“Space Fog” Affects Astronauts’ Mental Ability

Stars twinkling in space.

Image: Shutterstock

Science fiction is rife with stories about characters going crazy because of the stress of living in space. Now that we have the International Space Station (ISS) and humans are living in space for more than a few days at a time, these kinds of possibilities are worth investigation. Not so dramatic as “space madness,” NASA is investigating something that astronauts refer to as “space fog.”

Space fog refers to the difficulty concentrating and mental fatigue that astronauts sometimes complain about. NASA is currently administering a battery of tests, ten of them, to astronauts living on the ISS. Those tests took about four years to develop, but only take about 20 minutes to complete on a computer.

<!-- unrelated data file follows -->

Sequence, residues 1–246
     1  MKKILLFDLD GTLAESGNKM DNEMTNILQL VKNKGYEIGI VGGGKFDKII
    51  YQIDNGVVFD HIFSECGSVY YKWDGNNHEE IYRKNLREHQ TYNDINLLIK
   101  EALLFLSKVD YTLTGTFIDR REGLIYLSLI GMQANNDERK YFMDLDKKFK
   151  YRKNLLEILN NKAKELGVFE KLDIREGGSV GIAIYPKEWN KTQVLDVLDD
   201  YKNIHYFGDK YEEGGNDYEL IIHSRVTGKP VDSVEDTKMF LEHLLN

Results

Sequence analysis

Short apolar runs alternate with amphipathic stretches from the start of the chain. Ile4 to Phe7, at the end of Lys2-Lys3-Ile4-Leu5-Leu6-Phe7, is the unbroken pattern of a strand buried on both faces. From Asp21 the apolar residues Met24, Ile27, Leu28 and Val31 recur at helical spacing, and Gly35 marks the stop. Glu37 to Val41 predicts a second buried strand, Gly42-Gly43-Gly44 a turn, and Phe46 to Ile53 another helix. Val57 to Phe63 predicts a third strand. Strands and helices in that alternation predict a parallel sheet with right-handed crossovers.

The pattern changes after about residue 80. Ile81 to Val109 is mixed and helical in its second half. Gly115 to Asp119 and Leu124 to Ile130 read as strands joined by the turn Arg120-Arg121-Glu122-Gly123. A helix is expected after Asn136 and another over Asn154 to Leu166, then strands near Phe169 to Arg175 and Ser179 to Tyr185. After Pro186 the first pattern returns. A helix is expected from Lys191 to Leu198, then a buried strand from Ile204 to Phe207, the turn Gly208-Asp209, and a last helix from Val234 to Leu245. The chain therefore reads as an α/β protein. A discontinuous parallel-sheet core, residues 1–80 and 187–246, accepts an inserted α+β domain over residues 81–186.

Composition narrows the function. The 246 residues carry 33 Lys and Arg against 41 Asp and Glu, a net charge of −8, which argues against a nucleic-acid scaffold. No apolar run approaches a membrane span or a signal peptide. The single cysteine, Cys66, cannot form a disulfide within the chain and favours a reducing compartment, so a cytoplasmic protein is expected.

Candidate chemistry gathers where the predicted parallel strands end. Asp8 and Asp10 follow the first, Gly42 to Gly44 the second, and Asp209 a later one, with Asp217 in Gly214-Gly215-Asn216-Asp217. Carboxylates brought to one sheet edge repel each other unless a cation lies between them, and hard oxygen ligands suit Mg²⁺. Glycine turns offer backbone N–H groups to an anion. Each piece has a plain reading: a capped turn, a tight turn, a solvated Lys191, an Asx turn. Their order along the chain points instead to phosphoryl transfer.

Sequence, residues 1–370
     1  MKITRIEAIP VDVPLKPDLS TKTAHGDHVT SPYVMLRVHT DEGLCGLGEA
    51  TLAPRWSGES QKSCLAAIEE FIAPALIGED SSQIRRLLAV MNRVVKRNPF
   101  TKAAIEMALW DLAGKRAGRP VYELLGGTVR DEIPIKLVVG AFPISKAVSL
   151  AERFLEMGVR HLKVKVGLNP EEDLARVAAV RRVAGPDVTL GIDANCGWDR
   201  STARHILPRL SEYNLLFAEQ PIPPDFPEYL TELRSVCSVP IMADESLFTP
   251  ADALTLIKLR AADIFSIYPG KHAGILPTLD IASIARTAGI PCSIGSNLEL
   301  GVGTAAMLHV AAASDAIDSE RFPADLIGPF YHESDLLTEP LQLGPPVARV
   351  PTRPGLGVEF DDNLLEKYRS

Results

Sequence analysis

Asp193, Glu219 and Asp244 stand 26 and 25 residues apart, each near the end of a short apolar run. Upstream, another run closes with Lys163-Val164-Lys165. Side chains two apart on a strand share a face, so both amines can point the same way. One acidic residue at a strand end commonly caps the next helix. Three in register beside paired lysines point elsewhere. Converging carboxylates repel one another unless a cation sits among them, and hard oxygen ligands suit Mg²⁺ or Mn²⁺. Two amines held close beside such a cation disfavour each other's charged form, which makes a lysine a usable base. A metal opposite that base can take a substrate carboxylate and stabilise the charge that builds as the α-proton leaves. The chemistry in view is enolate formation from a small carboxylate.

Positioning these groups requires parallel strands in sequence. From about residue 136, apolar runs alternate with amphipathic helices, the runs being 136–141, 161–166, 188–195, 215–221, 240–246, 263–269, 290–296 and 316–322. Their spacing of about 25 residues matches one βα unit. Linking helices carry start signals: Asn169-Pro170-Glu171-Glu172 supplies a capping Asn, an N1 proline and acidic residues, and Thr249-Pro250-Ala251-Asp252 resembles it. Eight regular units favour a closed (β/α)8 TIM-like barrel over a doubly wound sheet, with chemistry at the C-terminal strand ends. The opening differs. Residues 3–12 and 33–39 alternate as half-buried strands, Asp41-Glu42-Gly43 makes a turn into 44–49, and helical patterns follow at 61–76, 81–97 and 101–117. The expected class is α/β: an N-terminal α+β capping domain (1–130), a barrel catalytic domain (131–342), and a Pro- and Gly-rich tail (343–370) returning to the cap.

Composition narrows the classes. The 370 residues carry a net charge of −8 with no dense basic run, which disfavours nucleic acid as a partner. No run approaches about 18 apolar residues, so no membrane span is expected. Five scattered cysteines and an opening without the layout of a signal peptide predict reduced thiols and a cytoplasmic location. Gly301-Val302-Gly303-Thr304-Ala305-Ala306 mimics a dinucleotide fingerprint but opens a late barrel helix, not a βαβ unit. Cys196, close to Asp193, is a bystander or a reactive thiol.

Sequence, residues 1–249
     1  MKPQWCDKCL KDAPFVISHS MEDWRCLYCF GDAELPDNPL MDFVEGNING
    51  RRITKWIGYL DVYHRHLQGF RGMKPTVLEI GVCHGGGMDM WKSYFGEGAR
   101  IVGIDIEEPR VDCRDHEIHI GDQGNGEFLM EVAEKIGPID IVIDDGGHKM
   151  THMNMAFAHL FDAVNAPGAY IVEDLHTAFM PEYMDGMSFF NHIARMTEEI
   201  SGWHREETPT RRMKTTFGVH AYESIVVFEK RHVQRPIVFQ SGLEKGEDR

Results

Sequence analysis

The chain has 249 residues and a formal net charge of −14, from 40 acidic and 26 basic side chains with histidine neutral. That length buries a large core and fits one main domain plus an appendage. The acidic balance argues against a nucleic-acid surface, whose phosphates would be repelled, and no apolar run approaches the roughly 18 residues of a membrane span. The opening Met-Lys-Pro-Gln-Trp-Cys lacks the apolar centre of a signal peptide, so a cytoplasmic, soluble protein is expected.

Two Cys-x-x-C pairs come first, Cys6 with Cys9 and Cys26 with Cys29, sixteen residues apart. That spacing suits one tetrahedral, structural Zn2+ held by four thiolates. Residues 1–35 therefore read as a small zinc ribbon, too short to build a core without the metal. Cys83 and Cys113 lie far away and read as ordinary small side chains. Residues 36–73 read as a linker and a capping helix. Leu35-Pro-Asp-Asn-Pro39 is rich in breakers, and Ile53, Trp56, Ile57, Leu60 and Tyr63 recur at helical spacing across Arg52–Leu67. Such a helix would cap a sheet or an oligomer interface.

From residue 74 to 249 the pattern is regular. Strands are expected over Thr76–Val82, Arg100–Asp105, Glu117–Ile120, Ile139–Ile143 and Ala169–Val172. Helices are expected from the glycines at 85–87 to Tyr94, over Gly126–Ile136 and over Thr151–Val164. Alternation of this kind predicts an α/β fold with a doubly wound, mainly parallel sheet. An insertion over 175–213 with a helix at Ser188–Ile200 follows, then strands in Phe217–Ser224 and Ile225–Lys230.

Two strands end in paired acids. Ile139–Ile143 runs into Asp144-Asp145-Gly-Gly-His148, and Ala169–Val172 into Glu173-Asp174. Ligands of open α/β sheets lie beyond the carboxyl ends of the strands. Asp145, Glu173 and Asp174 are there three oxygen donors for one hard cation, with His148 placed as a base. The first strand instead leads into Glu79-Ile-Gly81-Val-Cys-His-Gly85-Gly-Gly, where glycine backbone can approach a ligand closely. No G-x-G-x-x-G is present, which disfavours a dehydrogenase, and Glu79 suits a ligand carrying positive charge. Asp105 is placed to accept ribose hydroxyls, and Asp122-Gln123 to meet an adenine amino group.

Astronauts will take the tests eleven times over a six month stay at the ISS, and NASA is also gathering data from astronauts on Earth, candidates for the program, and staff from ground control. The idea is to get a solid idea of how high performance people in stressful jobs do on the tests, in order to compare them to astronauts on Earth or in space.

Working on the ISS is pretty hard, as astronauts face a lot of mentally and physically demanding work in an environment totally unlike the Earth. They have to deal with reduced gravity, as well as pockets of microgravity, high levels of carbon dioxide and radiation, and on top of all that, they don’t get a lot of sleep. Most astronauts average about six hours a night which, for most people, results in fatigue over time, since they aren’t getting enough sleep.

So it’s not surprising that astronauts suffer from space fog, but it is paramount that NASA determine what causes it, and who it affects. Some people might be more or less affected by it, and that might figure into choosing future astronauts.

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